Defense: School may have withheld Holmes records
DENVER (AP) — Defense attorneys in the Colorado theater shooting case say the University of Colorado might have withheld records that show the school failed to act on information it had about defendant James Holmes when he was a student there.
In court filings made public Monday, Holmes’ attorneys revive questions about how much the university knew of Holmes’ mental problems and whether school officials could have done more to prevent the attack.
They say they have found out that a prosecution witness sent an email to a friend that indicates that before the shooting, someone gave university officials information about Holmes that they did not act on.
It’s not clear what that information is or even who the witness is, because the filings are heavily redacted. A university spokesman said Tuesday the records in question are privileged under state and federal law and the school will argue against turning them over to the defense. Lawyers in the case will not comment, citing a gag order.
Holmes, then 25, dropped out of a doctoral program in neuroscience at the University of Colorado, Denver shortly before the July 2012 assault at a movie theater in the Denver suburb of Aurora. Twelve people were killed and 70 were injured in the attack.
Holmes pleaded not guilty by reason of insanity to multiple counts of murder and attempted murder. His attorneys have acknowledged he was the shooter but say he is mentally ill and was in the grips of a psychotic episode at the time.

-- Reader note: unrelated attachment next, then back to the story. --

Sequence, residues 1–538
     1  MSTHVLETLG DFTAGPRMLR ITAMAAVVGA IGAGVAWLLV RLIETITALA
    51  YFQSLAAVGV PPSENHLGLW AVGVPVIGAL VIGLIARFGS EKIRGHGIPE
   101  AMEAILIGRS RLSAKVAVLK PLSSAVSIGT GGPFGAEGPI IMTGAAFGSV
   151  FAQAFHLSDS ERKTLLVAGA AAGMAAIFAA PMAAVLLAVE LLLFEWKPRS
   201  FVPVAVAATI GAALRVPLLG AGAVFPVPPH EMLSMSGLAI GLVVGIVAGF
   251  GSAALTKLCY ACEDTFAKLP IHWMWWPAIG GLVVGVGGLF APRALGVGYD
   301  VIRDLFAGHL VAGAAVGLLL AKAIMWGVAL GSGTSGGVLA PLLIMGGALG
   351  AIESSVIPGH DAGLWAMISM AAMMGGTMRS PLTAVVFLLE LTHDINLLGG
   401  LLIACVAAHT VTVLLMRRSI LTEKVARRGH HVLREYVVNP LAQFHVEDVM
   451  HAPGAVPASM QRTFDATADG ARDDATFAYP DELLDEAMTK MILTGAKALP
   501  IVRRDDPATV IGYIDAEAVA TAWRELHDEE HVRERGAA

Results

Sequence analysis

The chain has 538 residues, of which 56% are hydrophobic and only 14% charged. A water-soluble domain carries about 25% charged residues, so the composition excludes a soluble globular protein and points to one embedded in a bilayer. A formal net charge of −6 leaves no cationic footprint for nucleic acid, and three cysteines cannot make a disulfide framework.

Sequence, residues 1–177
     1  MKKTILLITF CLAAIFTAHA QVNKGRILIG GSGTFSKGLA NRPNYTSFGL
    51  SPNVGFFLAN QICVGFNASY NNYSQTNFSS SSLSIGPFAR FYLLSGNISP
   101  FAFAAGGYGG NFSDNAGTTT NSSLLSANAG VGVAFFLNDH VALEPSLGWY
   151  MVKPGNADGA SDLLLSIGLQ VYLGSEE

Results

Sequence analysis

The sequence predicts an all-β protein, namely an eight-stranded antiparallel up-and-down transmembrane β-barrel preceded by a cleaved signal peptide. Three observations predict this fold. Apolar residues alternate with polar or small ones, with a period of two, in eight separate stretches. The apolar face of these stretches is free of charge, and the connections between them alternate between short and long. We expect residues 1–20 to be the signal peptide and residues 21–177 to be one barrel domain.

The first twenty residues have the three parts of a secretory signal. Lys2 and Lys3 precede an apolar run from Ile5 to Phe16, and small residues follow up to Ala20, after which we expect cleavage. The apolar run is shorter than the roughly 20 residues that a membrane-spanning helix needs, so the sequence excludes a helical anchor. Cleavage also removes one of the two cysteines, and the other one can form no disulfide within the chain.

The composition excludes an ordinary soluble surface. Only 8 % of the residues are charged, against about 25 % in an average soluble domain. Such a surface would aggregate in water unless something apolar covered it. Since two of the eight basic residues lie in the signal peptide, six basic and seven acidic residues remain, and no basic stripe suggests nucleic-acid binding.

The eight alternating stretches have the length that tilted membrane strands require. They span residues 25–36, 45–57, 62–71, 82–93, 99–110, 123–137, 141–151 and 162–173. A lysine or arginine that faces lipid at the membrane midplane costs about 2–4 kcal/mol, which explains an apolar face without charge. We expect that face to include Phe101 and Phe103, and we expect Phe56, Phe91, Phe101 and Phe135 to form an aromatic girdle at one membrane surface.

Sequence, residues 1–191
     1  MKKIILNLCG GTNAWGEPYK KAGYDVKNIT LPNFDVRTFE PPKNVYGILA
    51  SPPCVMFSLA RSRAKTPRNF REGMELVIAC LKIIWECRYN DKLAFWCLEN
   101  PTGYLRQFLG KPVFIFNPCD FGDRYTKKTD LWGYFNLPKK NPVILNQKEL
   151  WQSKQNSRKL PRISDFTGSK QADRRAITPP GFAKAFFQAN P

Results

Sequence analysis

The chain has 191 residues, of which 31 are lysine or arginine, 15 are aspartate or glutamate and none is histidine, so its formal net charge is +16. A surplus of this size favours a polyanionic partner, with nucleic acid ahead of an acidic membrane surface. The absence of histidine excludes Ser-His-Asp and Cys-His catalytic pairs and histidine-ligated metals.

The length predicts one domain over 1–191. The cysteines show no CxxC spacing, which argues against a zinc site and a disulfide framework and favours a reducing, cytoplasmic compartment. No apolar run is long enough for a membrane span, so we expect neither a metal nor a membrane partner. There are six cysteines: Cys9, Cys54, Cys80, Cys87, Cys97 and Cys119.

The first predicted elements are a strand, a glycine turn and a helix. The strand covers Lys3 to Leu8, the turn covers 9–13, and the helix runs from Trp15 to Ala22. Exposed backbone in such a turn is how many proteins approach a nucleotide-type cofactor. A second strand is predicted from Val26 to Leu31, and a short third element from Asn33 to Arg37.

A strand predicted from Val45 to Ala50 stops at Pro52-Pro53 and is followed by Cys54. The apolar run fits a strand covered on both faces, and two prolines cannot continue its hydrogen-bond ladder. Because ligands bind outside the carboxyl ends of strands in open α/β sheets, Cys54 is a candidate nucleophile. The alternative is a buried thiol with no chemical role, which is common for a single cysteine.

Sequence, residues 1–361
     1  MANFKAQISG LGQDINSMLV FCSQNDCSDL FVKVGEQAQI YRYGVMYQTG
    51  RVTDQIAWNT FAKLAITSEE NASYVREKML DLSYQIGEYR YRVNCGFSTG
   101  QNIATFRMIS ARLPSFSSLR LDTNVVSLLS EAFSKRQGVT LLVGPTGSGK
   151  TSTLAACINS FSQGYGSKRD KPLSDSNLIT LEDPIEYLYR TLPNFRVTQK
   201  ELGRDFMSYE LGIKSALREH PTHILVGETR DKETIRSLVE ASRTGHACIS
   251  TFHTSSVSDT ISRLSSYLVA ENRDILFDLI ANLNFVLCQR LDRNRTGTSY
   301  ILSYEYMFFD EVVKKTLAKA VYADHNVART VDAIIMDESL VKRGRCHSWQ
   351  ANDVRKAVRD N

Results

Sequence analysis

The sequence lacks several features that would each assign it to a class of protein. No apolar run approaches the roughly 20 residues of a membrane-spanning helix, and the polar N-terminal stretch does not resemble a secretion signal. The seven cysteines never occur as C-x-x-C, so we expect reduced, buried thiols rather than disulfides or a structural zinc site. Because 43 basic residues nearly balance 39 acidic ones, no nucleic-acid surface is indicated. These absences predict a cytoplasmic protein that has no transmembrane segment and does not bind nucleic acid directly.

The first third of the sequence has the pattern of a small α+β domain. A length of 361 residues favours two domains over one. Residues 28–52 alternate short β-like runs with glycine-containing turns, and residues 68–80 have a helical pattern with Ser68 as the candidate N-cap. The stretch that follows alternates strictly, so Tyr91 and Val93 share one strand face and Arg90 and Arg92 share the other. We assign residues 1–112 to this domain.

A university psychiatrist, Lynne Fenton, who treated Holmes before the attack, told campus police prior to the shootings that Holmes had homicidal thoughts and was a danger to the public, according to previously released court records. Fenton told police in June 2012 that Holmes also threatened and intimidated her.
Fenton does not appear to be the unidentified witness in the defense filings, who is referred to as a male.
Holmes’ lawyers issued subpoenas for the university records and asked Arapaho County District Judge Carlos A. Samour Jr. to review them in private and decide whether they should be made available to the defense. Samour has not said when he would rule.
Prosecutors are seeking the death penalty in the trial scheduled to start Dec. 8.
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